Australia appears condemned to continue in the slow lane of the global transition to electric vehicles after a leaked copy of the federal government’s “future fuels” discussion paper revealed a “do nothing” strategy and few initiatives to accelerate the uptake of EVs in Australia.
The leaked discussion paper, obtained by RenewEconomy and its EV-focused sister site The Driven, contained little in the way of new funding or programs, apart from an observation that Australia desperately needs more charging infrastructure and basic information for consumers.
The one initiative that is unveiled is a commitment by Comcar, that operates the federal government’s car fleet, will conduct a two year trial of EVs to assess their potential future use.
The fact that Australia’s EV policy remains only a “discussion document” – despite the promises in the last two years of a detailed policy – has also left the industry and advocates disappointed, but hardly surprised given the Coalition’s disinterest in EVs, and its relentless misinformation during last year’s election campaign – led by prime minister Scott Morrison and energy minister Angus Taylor.
“It’s actually a do nothing strategy,” Behyad Jafari, the CEO of the Electric Vehicle Council, said. “It’s a real shame because we know what works. The government has announced another $2.7 billion in fossil fuel subsidies, but on EVs they have got no plan.”
Jafari says Australia, already trailing the world with less than 1 per cent penetration of EVs in new car sales (compared to Noway’s car 80 per cent), will be left further behind just as the global transition to electric vehicles is picking up pace.
“Transitioning to electric vehicles is unarguably in our national interest, yet this strategy does nothing to accelerate the process.
“If Australians were supported toward electric vehicles we could significantly reduce respiratory illness in our cities, shake off our fuel insecurity, cut our carbon emissions, and even firm up our grid with a giant collective battery. This strategy does not help us realise this exciting future.
“In the US, drivers are offered a $10,000 tax rebate for buying an electric vehicle, and American consumers get access to much cheaper electric vehicle options because of their long standing vehicle emission standards.”
Labor spokesman Mark Butler lamented the lack of any mention of a fuel efficiency standard, which has been an effective policy tool in Europe and parts of the US. The lack of a fuel efficiency standard means that Australian consumes burn dirty fuel, and have inefficient cars which cost up to $600 a year in extra fuel costs, according to the government’s own figures.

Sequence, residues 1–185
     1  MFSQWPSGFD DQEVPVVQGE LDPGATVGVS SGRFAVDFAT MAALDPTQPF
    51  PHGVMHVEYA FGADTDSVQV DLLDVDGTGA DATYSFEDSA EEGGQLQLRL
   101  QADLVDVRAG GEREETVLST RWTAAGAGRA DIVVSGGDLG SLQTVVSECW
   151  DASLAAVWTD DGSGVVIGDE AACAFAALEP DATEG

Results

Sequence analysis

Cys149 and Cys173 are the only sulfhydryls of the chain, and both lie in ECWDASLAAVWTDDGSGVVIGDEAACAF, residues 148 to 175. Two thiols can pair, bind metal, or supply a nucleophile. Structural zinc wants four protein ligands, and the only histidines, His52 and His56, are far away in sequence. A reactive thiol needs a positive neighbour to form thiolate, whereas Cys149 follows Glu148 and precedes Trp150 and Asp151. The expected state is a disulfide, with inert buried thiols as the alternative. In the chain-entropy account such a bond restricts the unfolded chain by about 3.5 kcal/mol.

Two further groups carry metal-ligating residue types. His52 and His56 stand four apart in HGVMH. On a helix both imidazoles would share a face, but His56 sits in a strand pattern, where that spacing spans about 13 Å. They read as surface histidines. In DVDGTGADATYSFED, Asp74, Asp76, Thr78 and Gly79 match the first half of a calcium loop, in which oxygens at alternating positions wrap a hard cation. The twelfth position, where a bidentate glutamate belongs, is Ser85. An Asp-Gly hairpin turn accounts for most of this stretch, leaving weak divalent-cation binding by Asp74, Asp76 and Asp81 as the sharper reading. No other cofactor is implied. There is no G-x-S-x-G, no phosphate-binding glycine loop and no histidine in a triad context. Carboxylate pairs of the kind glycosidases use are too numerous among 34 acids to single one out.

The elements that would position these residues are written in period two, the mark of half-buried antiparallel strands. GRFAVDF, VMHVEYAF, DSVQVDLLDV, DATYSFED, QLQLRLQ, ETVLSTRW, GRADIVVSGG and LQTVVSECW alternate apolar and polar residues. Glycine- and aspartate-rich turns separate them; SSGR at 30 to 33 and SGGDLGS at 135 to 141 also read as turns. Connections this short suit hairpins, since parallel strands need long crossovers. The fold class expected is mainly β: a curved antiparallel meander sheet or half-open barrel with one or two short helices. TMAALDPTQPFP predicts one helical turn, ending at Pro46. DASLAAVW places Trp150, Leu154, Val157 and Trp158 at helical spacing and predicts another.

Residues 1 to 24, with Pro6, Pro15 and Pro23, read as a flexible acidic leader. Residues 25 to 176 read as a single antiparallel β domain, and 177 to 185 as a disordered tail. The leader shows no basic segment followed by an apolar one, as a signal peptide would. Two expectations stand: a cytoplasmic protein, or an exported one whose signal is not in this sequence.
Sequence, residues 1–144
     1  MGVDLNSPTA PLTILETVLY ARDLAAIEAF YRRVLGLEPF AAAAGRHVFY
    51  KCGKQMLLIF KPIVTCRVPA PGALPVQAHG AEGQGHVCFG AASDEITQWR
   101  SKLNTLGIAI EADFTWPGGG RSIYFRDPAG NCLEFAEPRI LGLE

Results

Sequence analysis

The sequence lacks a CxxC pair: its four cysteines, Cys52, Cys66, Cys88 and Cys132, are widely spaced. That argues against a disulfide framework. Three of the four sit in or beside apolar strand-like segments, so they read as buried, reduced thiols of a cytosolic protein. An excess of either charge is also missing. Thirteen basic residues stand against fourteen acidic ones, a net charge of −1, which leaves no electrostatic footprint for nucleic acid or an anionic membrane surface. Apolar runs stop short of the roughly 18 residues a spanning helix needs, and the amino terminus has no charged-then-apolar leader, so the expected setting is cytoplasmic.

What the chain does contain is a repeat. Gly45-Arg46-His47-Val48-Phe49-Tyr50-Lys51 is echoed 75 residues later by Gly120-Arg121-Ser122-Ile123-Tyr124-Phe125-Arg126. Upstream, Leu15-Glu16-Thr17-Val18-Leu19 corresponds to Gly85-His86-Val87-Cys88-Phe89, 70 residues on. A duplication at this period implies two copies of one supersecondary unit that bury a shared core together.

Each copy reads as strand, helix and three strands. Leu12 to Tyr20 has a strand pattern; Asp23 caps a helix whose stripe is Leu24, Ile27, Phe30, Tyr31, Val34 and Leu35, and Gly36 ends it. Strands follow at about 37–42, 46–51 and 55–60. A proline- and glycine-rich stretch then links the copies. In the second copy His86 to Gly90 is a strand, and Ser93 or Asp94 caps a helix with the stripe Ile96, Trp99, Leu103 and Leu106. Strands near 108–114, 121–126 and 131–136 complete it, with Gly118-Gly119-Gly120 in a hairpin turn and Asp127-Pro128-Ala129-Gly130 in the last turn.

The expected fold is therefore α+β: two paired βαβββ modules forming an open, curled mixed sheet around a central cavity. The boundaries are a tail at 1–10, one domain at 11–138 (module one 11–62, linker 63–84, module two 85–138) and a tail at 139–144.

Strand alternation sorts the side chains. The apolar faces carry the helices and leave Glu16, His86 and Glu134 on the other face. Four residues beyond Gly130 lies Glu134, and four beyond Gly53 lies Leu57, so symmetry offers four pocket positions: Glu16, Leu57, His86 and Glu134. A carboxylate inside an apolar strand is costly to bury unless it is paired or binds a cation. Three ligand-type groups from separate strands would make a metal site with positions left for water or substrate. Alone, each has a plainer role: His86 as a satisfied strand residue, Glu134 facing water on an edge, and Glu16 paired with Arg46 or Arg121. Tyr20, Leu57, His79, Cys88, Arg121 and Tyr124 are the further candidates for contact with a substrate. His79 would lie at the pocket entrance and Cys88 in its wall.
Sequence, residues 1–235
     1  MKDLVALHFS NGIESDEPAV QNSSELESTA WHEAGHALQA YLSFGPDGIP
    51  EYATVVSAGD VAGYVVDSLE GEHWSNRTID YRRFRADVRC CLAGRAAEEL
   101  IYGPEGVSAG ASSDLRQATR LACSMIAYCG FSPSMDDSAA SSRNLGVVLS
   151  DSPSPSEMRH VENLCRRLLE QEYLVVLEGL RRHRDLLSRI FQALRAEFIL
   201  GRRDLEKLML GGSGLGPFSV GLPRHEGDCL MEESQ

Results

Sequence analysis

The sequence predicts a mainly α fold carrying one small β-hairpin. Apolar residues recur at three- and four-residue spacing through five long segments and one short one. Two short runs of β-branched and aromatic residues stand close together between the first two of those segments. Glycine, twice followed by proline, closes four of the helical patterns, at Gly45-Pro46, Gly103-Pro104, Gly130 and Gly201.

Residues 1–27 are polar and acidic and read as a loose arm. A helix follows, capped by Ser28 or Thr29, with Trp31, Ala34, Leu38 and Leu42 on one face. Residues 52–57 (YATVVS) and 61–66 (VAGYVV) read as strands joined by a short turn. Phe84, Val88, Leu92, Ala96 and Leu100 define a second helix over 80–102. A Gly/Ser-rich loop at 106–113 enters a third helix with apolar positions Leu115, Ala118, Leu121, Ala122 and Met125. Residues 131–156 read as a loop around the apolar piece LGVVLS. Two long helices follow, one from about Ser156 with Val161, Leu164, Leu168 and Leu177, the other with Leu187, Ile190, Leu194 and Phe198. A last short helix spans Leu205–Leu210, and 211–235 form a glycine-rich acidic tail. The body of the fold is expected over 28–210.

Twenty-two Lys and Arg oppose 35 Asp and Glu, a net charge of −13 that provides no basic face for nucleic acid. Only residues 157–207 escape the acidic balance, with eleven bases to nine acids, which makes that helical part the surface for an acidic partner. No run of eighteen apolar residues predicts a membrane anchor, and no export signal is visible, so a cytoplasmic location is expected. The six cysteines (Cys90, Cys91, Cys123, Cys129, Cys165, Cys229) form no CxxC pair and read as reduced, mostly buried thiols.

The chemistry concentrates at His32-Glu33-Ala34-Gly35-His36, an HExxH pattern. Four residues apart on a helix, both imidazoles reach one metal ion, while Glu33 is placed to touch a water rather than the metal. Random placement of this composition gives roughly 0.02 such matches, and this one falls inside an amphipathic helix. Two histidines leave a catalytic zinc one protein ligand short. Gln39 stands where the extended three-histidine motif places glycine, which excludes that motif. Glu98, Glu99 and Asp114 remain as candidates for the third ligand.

The federal government has shown little interest in EVs, last year attacking the Labor goal to achieve a 50 per cent share of new vehicle sales by 2030, saying that EVs could not tow boats, couldn’t be taken camping, and were too slow to charge.
Since then many countries have announced outright bans on the sale of petrol and diesel cars, with the UK ban to come into force from 2030, and Norway’s from 2025.
The Australian government discussion paper suggests that Australia will reach around 26 per cent penetration of EVs in new car sales by 2030, but offers nothing to accelerate that transition.
It confirms the $72 million “future fuels” funding announced in the federal budget, which will include support for infrastructure for EVs, hydrogen fuel cell vehicles and cars powered by biofuels, and assorted initiatives – such as vehicle-to-grid trials and network rollouts – which are supported by ARENA.
But there is no mention of any targeted uptake of EVs, nor any incentives to encourage the purchase of EVs. It makes mention of a two-year trial for the Commonwealth fleet – which earlier this year snubbed EVs – and the desire to encourage commercial fleets to embrace EVs in order to create a strong second hand electric vehicle market.
“The Future Fuels Fund could businsss make elecrrical upgrades and install battery chargers at a depot for battery electric delivery trucks, where installation costs might be a barrier to battery electric vehicle uptake.
The priorities listed in the discussion paper include recharging infrastructure for both EV and hydrogen cars, a focus on commercial fleets, improving information for consumers, integrating EVs into the electricity grid and supporting local innovation and manufacturing.
The “actionable” items include the future fuels fund, a “green vehicle guide”, more analysis on EV integtation into the grid, and more studies into local opportunities for future fuels.
The discussion paper insists that conventional petrol and diesel vehicles would continue to dominate purchases over the short to medium term, and the government priority was to ensure that transport fuel supplies were guaranteed – hence the recently announced support to refineries and long term fuel reserves.
Richie Merzian, from The Australia Institute, said Australia been waiting two years for an EV strategy, and was now not going to get even that.
“What it appears we will get is a watered down discussion paper, and from what I hear it will be wafer thin, and include very little in the way of direct incentives,” Merzian said.
“Which is so dispappinting bcause we know that these work. The government is so quick to come in to help the fossil fuel industry, and so slow when it comes to supporting clean energy.
“This why the PM was not invited to last weekend’s climate summit, because Australia has no ambition.”